From The Art and Popular Culture Encyclopedia
- An opening, usually covered by one or more panes of clear glass, to allow light and air from outside to enter a building or vehicle.
- 1952: A window is an opening in a wall to admit light and air. — L.F. Salzman, Building in England, p. 173.
- An opening, usually covered by glass, in a shop which allows people to view the shop and its products from outside.
- A period of time when something is available.
- launch window
- window of opportunity
Primitive windows were just holes in a wall. Later, windows were covered with animal hide, cloth, or wood. Shutters that could be opened and closed came next. Over time, windows were built that both protected the inhabitants from the elements and transmitted light: mullioned glass windows, which joined multiple small pieces of glass with leading, paper windows, flattened pieces of translucent animal horn, and plates of thinly sliced marble. The Romans were the first to use glass for windows. In Alexandria ca. 100 AD, cast glass windows, albeit with poor optical properties, began to appear. Mullioned glass windows were the windows of choice among European well-to-do, whereas paper windows were economical and widely used in ancient China, Korea and Japan. In England, glass became common in the windows of ordinary homes only in the early 17th century whereas windows made up of panes of flattened animal horn were used as early as the 14th century in Northern Britain. Modern-style floor-to-ceiling windows became possible only after the industrial glass making process was perfected.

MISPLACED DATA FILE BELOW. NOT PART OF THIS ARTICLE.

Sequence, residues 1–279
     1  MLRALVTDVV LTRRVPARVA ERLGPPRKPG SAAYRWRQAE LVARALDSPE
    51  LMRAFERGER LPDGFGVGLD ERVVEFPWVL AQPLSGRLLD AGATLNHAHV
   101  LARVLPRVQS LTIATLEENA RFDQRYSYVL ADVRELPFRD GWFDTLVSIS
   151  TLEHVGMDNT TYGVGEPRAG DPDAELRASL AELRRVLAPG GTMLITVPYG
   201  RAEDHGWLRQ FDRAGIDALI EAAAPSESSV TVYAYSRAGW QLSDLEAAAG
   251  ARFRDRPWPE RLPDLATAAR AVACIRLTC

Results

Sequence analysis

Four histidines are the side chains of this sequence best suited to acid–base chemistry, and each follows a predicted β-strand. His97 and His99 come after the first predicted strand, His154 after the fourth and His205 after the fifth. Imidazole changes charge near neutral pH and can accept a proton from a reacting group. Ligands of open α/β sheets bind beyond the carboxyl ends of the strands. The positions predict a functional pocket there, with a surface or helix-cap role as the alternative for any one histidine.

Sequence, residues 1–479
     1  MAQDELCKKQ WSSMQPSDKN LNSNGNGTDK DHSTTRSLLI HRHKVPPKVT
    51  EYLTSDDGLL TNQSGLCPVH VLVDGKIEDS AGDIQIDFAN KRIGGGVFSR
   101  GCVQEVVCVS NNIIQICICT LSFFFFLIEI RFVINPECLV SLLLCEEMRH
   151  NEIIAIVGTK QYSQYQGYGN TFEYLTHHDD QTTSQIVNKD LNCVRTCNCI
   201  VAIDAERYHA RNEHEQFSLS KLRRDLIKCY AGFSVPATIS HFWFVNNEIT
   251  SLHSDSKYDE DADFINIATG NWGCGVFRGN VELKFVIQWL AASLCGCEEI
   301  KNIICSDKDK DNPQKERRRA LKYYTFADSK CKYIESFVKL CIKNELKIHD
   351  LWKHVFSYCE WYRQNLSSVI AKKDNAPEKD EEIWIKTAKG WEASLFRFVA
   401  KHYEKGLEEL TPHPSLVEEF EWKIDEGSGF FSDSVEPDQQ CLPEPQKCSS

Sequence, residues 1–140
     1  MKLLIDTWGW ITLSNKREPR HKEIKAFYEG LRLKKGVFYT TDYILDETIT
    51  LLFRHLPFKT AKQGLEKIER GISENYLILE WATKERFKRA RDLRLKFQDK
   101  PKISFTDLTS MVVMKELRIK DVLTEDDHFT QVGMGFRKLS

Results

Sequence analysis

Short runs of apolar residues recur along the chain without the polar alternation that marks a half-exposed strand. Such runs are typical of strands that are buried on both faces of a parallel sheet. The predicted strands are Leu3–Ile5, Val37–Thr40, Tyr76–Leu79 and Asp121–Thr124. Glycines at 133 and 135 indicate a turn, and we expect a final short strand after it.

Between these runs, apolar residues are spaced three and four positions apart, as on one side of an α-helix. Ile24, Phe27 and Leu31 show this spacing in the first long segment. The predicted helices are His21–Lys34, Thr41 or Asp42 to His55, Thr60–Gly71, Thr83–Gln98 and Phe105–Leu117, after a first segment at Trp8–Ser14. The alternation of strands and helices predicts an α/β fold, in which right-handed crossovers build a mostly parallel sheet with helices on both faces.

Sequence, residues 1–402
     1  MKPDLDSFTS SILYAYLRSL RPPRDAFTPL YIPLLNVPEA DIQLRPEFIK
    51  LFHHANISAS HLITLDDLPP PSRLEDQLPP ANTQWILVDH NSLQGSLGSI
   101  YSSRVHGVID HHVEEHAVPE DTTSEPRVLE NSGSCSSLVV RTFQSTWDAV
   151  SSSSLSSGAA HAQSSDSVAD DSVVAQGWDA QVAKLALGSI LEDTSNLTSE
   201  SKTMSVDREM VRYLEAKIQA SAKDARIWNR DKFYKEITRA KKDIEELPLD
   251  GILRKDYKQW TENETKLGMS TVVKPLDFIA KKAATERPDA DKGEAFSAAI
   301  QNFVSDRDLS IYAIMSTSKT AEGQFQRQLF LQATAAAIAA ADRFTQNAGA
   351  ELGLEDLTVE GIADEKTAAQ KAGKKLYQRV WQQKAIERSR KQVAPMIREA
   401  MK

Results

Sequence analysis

In the Sanghabhedavastu legend of the Buddhists, it is said that the Buddha Siddartha Gautama, who dates to 500 B.C., was viewed by his father through a grand window because he was unable to enter the synagoge (Sanskrit samsthagare).